7. After blogging for almost 5 years, I am better at it.
    WhilE we are interested in making homes more beautiful, she is chasing down roaches in her house. I don’t like that vision.
    This was funy. You have a great attitude.

  8. Christine Stanton says:

    I love reading your blog and seeing your beautiful work. I said to my friend the other day, I would love to just make the cups of tea in that office. To be surround by your kindness and talent would be so uplifting. Keep on keeping on.

  9. I love this post..!! Its very charming and funny.And touching.Its so true self esteem comes from doing esteem able acts…and that gratitude and humility should be the foundation of how we relate to the world.
    Whatever you are doing is with a spiritual intention..hence the fact you are successful.
    Just so you know..what other people think of us , is none of our business.!!

  10. Keith Granet says:

    Greg – beautifully written. Anyone who truly knows you guys knows we NEVER want you to get over yourselves. Your talent shines through in your work and is good to remember as you get more and more recognition there will always people out there that want to knock you down, it means you have arrived. This reviewer should remember Maxine Greene’s quote “a critics job is to point and not to judge” her review does nothing but judge. Keep creating your beautiful work, the world is all the more better with your paint brush on its canvas.

  11. Susie says:

    Greg, If your book is half as good as your writing, I’m rushing to purchase it on Amazon right now…!

  12. Susan S says:

    I will simply echo the comments from all the above as they nailed many points. As I was reading your post, the Theodore Roosevelt quote popped into my mind and seems apt here: “It is not the critic who counts; not the man who points out how the strong man stumbles, or where the doer of deeds could have done them better. The credit belongs to the man who is actually in the arena, whose face is marred by dust and sweat and blood, who strives valiantly; who errs and comes short again and again; because there is not effort without error and shortcomings; but who does actually strive to do the deed; who knows the great enthusiasm, the great devotion, who spends himself in a worthy cause, who at the best knows in the end the triumph of high achievement and who at the worst, if he fails, at least he fails while daring greatly. So that his place shall never be with those cold and timid souls who know neither victory nor defeat.”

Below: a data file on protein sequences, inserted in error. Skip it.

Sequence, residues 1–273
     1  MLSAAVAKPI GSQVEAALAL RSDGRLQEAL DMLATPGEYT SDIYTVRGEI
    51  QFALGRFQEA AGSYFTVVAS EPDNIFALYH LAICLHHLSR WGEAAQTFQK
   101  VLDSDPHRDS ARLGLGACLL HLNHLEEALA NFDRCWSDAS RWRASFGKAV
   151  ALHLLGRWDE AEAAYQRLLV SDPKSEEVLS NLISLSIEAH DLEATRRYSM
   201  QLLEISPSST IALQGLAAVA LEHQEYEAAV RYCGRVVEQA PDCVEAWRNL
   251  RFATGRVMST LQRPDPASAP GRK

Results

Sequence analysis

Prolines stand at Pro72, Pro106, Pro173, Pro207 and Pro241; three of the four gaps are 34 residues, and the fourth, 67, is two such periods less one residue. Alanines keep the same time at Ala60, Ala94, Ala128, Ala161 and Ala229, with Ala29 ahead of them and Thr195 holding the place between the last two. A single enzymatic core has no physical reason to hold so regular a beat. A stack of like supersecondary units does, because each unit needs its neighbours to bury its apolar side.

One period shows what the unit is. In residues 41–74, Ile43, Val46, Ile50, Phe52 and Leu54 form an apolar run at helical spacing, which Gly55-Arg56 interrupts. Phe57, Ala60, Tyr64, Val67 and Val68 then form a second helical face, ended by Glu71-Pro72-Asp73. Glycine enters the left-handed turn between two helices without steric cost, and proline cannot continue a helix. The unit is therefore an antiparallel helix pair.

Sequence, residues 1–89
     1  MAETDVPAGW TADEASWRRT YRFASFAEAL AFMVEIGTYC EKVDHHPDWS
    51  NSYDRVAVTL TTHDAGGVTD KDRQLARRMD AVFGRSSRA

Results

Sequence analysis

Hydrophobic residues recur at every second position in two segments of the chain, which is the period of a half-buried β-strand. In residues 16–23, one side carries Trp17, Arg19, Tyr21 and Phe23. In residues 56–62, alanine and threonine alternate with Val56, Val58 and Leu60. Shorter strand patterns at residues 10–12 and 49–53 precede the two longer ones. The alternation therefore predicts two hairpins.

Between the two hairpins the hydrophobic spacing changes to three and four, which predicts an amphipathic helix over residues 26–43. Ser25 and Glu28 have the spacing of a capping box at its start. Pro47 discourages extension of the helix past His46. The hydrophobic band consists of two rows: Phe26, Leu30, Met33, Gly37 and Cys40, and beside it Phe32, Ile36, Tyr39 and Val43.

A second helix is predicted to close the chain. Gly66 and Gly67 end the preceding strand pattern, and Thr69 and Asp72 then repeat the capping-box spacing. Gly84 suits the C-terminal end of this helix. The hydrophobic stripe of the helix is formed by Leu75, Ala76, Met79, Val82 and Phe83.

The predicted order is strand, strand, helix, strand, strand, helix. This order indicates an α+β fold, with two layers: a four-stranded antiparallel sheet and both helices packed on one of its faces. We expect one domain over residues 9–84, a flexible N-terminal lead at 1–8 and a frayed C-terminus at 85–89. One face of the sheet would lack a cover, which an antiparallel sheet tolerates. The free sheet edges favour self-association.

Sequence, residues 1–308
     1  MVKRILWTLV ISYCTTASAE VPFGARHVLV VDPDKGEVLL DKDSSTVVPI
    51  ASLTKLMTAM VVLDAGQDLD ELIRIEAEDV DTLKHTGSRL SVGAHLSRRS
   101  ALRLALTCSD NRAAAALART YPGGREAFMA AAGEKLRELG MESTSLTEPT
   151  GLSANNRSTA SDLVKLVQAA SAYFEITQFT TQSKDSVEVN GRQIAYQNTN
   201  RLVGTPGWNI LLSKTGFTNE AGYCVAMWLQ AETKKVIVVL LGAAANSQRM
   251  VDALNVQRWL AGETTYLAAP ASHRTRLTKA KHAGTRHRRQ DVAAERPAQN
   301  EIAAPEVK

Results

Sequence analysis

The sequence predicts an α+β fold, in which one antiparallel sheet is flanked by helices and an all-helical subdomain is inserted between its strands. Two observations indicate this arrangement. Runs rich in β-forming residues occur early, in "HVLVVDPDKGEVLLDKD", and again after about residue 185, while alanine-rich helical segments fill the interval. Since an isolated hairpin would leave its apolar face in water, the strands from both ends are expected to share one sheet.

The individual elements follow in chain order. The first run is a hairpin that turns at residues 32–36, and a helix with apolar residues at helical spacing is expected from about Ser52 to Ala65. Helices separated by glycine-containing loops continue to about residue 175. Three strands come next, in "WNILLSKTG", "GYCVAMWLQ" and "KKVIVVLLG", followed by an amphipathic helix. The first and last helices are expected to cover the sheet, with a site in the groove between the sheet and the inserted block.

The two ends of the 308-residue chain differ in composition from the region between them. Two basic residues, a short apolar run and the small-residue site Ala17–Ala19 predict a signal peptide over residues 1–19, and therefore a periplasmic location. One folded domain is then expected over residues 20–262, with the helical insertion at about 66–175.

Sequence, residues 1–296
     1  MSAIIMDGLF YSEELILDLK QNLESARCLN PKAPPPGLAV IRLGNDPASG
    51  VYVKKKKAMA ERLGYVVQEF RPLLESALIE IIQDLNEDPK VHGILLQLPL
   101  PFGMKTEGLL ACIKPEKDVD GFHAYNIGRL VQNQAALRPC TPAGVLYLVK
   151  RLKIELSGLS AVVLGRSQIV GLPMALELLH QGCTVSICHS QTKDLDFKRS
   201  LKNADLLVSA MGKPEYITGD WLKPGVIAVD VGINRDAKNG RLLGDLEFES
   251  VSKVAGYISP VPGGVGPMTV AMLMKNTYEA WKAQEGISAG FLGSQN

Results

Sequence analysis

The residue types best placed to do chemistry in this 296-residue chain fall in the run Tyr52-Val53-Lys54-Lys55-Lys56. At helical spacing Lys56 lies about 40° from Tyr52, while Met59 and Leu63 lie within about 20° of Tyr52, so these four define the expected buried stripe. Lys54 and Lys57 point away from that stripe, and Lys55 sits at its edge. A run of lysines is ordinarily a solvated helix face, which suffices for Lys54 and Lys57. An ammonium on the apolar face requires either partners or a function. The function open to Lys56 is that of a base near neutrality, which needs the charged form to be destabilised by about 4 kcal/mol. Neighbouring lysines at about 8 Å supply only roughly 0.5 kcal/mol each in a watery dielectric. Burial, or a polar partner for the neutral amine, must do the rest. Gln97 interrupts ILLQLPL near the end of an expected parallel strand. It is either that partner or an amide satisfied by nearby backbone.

Oh, and thanks for the belly laugh as regards your last sentence!

  13. d2zen says:

    Greg, you da bomb. Over and out.

  14. David Braly says:

    The criticism posted on Amazon was directed toward this one book, not toward the work of the firm at large, or as a whole. And, while it is wonderful to read such supportive comments about the firm, they fail to say much–one way or another–about the book itself.

    • Flo says:

      Exactly. And I’d even put a finer [fussier] point on it, adding that Amazon permits all of us [including its “reviewers” – read: commenters] to thumb through selected book pages online without ever even buying/holding the book in hand!

      Moreover, since all Amazon comments were negative about this book in particular [as opposed to the previous one], and since this volume [as opposed to the previous one] focuses more on Ms. Ferrier’s interior work than on the structure of the architecture itself, can’t we conclude that these negatives are responding on the interiors rather than the architecture? I’m a designer, I don’t care for Ms. Ferrier’s aesthetic, but my respect for the output of the firm as a whole supersedes my own aesthetic bias.

      I’m sure the members of the firm will take their measure via the #s behind the book sales as to whether they need to “get over yourself.” My guess is the firm is turning away so much work for lack of Time and Personnel, that “get over yourself” is a complete joke.

      Carry on!

  15. Linda Spiese says:

    If she had had the opportunity to hear Bobby speak, she would have a better understanding of his wit, intelligence, charm. I hope he never “gets over himself”. I hope he stays himself, just as is.

  16. Phyllis says:

    Love you all and what you do even more after this. Wouldn’t have thought it was possible but there you are.